France: Court orders government to compensate former miners for causing “anxiety”
29 January 2021: The Labour Court in Douai has ordered the government to pay 727 miners a payment of 10,000 Euros (a total 7.3 million euros or $8.9 million) as compensation for causing anxiety to them by a career of exposure to toxic substances. The case was lodged by the miners 8 years back in 2013. “Anxiety” damages have been granted in the past for those exposed to asbestos, it allows compensation for people who are not sick but who could become sick because of past exposure.
Bosnia: Health workers hold flash strike, demand better working conditions and higher wages
25 January: Health workers have been on a strike in Bosnia since December last year demanding that the government sign a collective bargaining agreement with them raising the wages and ensuring safer working conditions for frontline workers. On 25 January 2020 health workers held a flash strike in front of the regional government building in Mostar demanding that government return to negotiation table or workers would launch a hunger strike.
Pakistan: Textile & garment workers protest against violation of labour laws and workers’ rights
24 January: Textile and Garments factory workers of Karachi producing for leading global apparel brands protested against violations of national and international labour laws and workers’ rights in global supply chain. Workers have been demanding that the brands adhere to global framework agreements and uphold human rights in their supply chain. Workers deplored the the active support of the government, labour courts and local law enforcement agencies in favour of erring manufacturers and announced that they would organise a sit-in in front of the Sindh Assembly if the worsening conditions at their workplaces are not improved immediately.
Namibia: Striking workers to move court in contempt case against Shoprite Namibia over violation of court judgement
18 January: Shoprite workers on strike since 23 December 2020 demanding increases in pay, housing and transport allowance, and a permanent status of employment for temporary workers have decided to approach the court against the management hiring temporary workers in their place. In an earlier order the labour court had ordered Shoprite not to hire replacement workers. Agitating workers have decided to lodge a contempt of court petition against the management while being firm on continuing the strike.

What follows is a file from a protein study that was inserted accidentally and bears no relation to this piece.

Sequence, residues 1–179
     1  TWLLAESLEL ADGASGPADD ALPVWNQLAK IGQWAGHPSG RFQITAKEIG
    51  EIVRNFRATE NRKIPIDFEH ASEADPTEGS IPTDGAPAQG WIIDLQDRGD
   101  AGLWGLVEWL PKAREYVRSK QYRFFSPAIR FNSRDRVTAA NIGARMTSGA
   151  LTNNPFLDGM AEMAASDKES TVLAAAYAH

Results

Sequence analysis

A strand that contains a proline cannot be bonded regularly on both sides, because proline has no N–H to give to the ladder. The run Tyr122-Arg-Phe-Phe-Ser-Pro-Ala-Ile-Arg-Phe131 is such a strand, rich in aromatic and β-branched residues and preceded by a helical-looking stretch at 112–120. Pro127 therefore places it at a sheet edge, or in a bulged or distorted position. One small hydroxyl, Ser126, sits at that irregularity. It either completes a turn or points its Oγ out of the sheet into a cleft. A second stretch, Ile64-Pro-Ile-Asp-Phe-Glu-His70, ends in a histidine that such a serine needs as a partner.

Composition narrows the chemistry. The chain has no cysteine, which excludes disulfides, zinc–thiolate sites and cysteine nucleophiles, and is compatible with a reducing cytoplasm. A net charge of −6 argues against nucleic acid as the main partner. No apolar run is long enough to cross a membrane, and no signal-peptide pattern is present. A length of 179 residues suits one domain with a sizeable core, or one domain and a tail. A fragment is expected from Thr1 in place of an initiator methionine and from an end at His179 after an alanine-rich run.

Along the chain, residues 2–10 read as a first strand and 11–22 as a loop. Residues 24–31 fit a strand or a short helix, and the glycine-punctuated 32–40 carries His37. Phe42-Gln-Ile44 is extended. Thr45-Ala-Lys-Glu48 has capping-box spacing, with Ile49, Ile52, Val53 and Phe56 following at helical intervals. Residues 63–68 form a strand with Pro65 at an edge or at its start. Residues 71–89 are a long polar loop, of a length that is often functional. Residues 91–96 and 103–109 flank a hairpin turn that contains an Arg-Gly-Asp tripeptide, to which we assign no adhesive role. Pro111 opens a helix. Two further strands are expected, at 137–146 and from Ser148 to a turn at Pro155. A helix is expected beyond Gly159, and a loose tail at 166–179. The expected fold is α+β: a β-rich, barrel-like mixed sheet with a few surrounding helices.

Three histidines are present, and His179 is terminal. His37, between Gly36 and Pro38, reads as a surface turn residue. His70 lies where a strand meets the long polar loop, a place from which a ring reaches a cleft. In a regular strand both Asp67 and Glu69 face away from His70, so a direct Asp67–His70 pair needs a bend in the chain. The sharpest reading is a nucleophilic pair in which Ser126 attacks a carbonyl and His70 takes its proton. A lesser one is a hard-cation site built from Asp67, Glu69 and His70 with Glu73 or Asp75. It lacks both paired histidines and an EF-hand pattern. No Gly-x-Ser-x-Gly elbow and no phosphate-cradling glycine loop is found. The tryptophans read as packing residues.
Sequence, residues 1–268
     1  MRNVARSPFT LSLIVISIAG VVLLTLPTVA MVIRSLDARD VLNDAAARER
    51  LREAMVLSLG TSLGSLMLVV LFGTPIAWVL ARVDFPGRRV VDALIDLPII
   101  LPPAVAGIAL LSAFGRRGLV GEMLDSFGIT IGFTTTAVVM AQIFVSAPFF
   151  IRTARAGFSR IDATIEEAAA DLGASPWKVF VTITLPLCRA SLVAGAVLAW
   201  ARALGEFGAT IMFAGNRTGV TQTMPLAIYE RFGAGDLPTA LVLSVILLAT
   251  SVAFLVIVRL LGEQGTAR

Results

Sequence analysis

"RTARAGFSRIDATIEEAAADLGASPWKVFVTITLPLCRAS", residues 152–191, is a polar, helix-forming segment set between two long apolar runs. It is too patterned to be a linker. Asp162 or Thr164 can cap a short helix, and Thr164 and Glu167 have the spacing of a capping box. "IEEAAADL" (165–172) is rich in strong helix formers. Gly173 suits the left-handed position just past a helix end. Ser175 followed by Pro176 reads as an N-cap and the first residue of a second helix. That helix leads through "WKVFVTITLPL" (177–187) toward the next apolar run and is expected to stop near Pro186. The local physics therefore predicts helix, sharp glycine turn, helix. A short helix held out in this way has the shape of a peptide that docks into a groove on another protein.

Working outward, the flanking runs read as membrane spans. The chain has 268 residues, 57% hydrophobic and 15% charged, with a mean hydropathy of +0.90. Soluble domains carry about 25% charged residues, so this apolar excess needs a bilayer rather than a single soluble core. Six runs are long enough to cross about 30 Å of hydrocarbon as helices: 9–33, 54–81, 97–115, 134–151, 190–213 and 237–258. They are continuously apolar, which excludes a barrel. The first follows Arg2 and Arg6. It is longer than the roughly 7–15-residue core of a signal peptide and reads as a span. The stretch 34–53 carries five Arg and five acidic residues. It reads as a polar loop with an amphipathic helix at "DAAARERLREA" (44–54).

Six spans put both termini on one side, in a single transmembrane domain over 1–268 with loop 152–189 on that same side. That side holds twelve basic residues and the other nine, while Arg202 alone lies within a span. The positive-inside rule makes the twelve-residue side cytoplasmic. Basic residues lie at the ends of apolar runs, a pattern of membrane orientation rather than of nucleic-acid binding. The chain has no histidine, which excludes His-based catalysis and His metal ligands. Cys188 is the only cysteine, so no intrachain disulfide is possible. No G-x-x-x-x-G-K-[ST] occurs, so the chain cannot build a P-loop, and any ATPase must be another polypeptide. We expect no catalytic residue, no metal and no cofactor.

USA: Gig workers challenge Prop. 22 in California court, pick up battle against Uber, Lyft
12 January: California app-based drivers and labour unions filed a lawsuit against Proposition 22 in the California Supreme Court. Proposition 22 passed on 3 November 2020 defines gig workers as independent contractors rather than employees. This definition goes against Assembly Bill 5 and a California Supreme Court ruling which limited businesses from classifying certain workers as independent contractors. The definitionof independent contractors has resulted in a major set-back for gig workers excluding them from overtime pay, weekly off, sick leave and other social security benefits. Employers such as Uber, Lyft, DoorDash, and Postmates had got together to lobby for Proposition 22 and spent a total of $200 million in propaganda campaign which made it the most expensive ballot proposition in the history of USA.
USA: Tech workers unionise against Google in a Silicon Valley first
04 January: More than 400 Google workers have unionised under the banner of Alphabet Workers Union after years of growing activism demanding an end to Google’s exploitative and anti-worker policies including pay discrimination, sexual harassment and issues of unethical use of technology. The union is affiliated to Communications Workers of America, a federation of unions which represents workers in telecommunications and media industry in USA and Canada.
Italy: Court rules against ‘discriminatory’ Deliveroo rider-ranking algorithm
04 January: The Bologna court ruled against the discriminatory algorithm used by on-demand food delivery platform Deliveroo and ordered it to pay 50,000 Euros to the appellants along with the legal costs and publish the ruling on its website. Three unoins had approached the court against the app’s algorithm which discriminated against delivery workers by not distinguishing between those missing work because of an illness or because of a strike, and/or other reasons for being absent.